Great visuals and music, and the regular puzzles are nice, everything else is perplexing (and not in a good way).
It's interesting to see what kind of mindset influenced this game's design. Because it feels almost schizophrenic, if you get my drift. No wonder it was made by Phil Fish.
I mean, it's a charming game with some clever puzzles and also some brilliantly designed visuals based around making 3D graphics look like 2D pixel art (and succeeding even if you ignore the perspective trick and look at the art in its 3D form), and it has some great music and a fantastic atmosphere, but aside from that, there really isn't much else to it. The plot is literally "something broke, go fix it" (the big cube at the beginning practically says as much if you translate its dialogue), and everything else about the 'narrative' makes absolutely no sense, and the endings are basically a fancy way of telling the player "you're winner". There's literally no meaning to anything, and if there was supposed to be any, it's ridiculously obfuscated to the point where you might as well not even bother trying.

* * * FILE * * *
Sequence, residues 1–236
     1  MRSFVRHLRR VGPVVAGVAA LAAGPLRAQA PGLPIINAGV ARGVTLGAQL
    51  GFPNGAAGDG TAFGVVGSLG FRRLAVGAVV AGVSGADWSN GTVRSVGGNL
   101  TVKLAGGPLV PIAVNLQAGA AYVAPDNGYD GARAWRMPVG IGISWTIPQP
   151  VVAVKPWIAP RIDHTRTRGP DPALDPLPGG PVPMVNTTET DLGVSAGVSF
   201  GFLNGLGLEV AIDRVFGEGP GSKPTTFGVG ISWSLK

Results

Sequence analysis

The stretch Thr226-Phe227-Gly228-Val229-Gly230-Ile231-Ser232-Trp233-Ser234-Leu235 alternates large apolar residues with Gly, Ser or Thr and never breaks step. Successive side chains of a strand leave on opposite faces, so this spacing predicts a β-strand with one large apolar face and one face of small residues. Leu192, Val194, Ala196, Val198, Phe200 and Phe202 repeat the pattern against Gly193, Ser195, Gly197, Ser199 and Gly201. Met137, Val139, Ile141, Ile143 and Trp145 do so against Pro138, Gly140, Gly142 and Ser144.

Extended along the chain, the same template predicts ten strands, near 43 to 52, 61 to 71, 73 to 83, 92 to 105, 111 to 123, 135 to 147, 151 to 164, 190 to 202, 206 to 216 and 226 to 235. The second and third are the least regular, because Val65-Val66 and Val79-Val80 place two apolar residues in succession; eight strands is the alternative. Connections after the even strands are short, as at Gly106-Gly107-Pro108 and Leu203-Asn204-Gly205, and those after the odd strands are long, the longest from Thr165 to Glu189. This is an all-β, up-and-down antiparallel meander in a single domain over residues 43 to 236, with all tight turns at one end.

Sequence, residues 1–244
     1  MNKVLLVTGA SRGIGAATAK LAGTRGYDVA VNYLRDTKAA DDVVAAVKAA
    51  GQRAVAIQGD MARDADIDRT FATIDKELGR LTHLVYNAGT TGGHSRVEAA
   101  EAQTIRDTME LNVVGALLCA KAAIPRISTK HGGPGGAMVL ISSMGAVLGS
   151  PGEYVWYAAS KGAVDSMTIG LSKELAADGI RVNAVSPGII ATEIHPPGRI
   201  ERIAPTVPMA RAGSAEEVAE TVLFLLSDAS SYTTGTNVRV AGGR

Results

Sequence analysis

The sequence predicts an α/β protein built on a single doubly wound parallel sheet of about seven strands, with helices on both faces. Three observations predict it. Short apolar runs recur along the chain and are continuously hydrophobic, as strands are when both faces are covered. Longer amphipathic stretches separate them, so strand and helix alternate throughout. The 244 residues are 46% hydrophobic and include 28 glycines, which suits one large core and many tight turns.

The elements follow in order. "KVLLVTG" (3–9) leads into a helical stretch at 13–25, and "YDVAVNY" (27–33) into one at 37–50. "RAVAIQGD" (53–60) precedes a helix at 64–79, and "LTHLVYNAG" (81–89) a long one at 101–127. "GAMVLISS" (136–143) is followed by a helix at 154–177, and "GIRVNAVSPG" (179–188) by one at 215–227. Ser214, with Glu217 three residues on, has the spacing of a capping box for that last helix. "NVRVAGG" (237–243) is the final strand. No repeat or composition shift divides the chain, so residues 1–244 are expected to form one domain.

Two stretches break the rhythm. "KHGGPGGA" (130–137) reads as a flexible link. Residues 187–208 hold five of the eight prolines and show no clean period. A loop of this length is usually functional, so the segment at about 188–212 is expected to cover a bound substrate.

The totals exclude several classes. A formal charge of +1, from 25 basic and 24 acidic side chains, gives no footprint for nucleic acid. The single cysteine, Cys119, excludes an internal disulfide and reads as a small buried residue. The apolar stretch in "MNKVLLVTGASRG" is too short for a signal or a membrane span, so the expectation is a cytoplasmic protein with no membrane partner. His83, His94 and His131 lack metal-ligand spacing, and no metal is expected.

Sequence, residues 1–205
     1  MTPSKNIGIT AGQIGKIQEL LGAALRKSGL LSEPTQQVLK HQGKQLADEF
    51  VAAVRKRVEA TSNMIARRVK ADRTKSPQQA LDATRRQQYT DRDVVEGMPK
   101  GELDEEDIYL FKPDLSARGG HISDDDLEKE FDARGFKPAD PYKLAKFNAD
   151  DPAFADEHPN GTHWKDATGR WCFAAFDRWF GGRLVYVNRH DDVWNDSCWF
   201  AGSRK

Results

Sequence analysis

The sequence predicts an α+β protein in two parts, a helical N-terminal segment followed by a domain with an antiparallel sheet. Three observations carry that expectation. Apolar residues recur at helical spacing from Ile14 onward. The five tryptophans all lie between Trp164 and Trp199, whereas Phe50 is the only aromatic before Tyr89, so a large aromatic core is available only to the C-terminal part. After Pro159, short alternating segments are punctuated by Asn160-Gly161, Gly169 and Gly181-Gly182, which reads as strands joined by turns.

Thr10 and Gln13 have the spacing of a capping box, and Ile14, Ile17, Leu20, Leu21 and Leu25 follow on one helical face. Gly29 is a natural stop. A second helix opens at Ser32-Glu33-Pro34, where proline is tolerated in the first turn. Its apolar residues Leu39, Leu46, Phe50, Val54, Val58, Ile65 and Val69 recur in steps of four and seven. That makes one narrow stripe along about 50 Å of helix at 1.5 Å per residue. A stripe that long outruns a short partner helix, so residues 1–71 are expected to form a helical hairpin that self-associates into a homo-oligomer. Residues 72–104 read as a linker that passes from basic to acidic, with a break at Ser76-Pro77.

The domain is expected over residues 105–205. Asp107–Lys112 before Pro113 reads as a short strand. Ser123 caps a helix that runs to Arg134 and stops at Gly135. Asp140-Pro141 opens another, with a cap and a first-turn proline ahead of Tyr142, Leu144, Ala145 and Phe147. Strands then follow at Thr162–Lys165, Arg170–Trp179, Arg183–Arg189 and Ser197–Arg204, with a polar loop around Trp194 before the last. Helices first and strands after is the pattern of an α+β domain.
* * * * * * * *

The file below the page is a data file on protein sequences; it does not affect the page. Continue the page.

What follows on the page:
Oh, and 100% completion is almost impossible without a walkthrough unless you're a rocket scientist for NASA. There are ways of creating hard puzzles without forcing players to look up incredibly obscure languages and other crap, and one of the puzzles is so vauge and doesn't seem to even have a hint that it was outright brute-forced. And Fish claims not all the puzzles have been solved yet. It reeks of an ego who can't resist trying to prove how fucking smart he is that he is more than happy to throw good game design out the window for it. What the fuck.
In short, on one half, we have a beautiful, cleverly designed title, and that half deserves to be played. The other half is incomprehensible gibberish that is happy to discard all notions of good game design for its creator's ego without even resulting in anything meaningful, taking True Art Is Incomprehensible
to its logical conclusion. Which is a shame, because this game feels like it had the potential to be so much more.